California is named after a 16th-century Black Queen of an island of women. The only catch is that she’s fictional.
Real or not, she’s still the inspiration behind the state’s name.
Queen Calafia was a character in Castillian author Garci Rodríguez de Montalvo’s Las Sergas de Esplandián, an early 16th-century adventure-romance novel. A Black warrior queen, Calafia ruled a mythical island called California inhabited only by Black women.
Calafia was also a fierce queen with quite an arsenal – armor made of fish bones, weapons made of gold, and an army of griffins (because, hey, why not?).
Needless to say, many people are surprised by this origin story. At the very least, it was rare for a man during the Renaissance to write in such a triumphant way about a woman, much less a Black woman. There is no sense of racial inferiority (which was a common trope) in her story.
So how did an American state come to be named after a mythical character?
Well, the novel was so famous in Spain that when conquistadors arrived on the tip of what is now the Baja Peninsula, they thought they had found the mythical island of California. So that’s what they called the whole area.
And while the name stuck, Calafia has been largely forgotten until recently.
An excerpt from the book reads:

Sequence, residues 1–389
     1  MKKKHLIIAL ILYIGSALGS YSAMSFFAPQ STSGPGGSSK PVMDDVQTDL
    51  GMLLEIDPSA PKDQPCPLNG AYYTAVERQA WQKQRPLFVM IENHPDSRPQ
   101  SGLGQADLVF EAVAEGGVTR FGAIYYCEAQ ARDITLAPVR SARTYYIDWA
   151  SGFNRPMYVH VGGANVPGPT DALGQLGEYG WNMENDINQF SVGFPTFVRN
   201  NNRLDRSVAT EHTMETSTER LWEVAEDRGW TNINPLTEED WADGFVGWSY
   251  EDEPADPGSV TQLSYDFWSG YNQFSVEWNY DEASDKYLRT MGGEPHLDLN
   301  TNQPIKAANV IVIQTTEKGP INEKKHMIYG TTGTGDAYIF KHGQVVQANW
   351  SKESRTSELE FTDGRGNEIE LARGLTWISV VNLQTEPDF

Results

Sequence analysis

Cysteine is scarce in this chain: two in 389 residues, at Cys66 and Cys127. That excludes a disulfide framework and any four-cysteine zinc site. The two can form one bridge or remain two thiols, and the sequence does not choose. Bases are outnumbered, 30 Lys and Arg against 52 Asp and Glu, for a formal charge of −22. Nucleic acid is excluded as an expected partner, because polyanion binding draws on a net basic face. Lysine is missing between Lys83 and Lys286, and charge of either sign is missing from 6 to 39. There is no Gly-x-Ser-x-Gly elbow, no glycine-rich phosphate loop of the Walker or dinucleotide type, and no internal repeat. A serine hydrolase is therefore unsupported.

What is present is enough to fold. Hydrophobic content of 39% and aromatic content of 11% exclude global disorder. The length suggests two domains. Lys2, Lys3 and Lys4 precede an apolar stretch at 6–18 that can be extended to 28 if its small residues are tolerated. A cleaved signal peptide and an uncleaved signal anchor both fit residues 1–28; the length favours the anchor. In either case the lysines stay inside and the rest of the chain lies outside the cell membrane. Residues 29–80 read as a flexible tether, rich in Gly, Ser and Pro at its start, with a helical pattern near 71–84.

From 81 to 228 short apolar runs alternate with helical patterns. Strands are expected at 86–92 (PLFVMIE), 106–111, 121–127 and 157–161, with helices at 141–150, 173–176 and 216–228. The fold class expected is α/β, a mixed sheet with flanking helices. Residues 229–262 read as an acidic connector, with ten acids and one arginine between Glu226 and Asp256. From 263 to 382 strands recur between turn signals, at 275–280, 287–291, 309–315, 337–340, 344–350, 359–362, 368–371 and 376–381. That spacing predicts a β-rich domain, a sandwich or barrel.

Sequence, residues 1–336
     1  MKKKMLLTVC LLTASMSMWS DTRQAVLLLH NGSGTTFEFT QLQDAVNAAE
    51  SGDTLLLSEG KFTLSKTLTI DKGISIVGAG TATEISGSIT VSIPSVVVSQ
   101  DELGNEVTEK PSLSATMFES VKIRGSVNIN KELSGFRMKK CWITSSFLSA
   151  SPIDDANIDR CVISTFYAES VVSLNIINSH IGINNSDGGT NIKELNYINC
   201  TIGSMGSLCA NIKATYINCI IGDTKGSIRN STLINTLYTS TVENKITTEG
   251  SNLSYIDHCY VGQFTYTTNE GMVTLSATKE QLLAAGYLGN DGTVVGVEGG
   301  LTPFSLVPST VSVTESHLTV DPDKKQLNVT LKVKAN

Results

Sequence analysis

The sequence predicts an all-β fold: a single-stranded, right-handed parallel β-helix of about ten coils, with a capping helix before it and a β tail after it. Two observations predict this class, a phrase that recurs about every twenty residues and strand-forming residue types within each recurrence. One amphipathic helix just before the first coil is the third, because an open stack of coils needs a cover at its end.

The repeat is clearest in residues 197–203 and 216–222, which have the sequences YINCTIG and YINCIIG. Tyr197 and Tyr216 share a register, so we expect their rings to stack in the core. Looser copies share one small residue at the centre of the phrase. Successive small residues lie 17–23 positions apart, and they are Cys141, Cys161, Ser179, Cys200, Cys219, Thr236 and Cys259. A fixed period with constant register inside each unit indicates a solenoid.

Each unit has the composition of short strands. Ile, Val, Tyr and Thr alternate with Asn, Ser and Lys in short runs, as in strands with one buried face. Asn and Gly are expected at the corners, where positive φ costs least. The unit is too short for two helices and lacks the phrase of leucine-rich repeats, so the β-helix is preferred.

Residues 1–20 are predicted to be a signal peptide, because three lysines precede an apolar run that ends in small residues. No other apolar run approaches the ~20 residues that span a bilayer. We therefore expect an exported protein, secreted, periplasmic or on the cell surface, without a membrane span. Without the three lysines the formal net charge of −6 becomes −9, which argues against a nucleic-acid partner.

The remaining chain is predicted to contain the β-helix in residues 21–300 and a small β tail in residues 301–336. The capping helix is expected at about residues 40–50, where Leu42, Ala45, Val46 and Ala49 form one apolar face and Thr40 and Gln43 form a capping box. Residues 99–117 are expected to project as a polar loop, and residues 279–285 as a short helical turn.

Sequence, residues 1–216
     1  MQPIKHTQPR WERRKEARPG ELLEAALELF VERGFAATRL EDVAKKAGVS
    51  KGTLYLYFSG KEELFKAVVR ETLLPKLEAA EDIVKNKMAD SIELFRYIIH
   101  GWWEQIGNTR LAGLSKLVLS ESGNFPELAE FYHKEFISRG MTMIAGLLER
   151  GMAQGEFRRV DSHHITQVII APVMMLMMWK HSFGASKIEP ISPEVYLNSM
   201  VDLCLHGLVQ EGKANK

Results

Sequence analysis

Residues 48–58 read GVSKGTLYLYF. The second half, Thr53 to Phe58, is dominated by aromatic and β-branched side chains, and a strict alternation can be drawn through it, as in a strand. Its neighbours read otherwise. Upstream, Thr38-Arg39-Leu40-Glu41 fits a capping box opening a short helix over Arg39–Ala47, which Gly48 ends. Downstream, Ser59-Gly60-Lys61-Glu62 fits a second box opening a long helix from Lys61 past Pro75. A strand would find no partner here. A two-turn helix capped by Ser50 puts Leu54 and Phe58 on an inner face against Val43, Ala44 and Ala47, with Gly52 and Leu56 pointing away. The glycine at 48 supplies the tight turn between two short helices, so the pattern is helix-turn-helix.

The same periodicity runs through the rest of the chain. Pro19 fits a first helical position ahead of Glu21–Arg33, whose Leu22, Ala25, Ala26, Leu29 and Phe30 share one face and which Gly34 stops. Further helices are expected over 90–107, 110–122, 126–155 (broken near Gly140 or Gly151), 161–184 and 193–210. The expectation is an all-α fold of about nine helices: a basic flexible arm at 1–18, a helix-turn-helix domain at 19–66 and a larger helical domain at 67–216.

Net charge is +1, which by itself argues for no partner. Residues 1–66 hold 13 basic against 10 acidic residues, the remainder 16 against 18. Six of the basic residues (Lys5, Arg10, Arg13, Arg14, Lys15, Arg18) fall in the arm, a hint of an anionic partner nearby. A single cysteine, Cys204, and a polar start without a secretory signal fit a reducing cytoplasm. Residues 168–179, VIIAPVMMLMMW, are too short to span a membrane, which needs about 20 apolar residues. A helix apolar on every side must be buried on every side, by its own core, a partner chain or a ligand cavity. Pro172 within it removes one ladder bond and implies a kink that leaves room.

“Now I wish you to know about the strangest thing ever found anywhere in written texts or in human memory. […] I tell you that on the right-hand side of the Indies there was an island called California, which was very close to the region of the Earthly Paradise. This island was inhabited by black women, and there were no males among them at all, for their life style was similar to that of the Amazons. The island was made up of the wildest cliffs and the sharpest precipices found anywhere in the world. These women had energetic bodies and courageous, ardent hearts, and they were very strong. Their armor was made entirely out of gold—which was the only metal found on the island—as were the trappings on the fierce beasts that they rode once they were tamed. They lived in very well-designed caves. They had many ships they used to sail forth on their raiding expeditions and in which they carried away the men they seized and whom they killed in a way about which you will soon hear. On occasion, they kept the peace with their male opponents, and the females and the males mixed with each other with complete safety, and they had carnal relations, from which unions it follows that many of the women became pregnant. If they bore a female, they kept her, but if they bore a male, he was immediately killed. The reason for this, inasmuch as it is known, is that, according to their thinking, they were set on reducing the number of males to so small a group that the Amazons could easily rule over them and all their lands; therefore, they kept only those few men whom they realized they needed for their race not to die out.“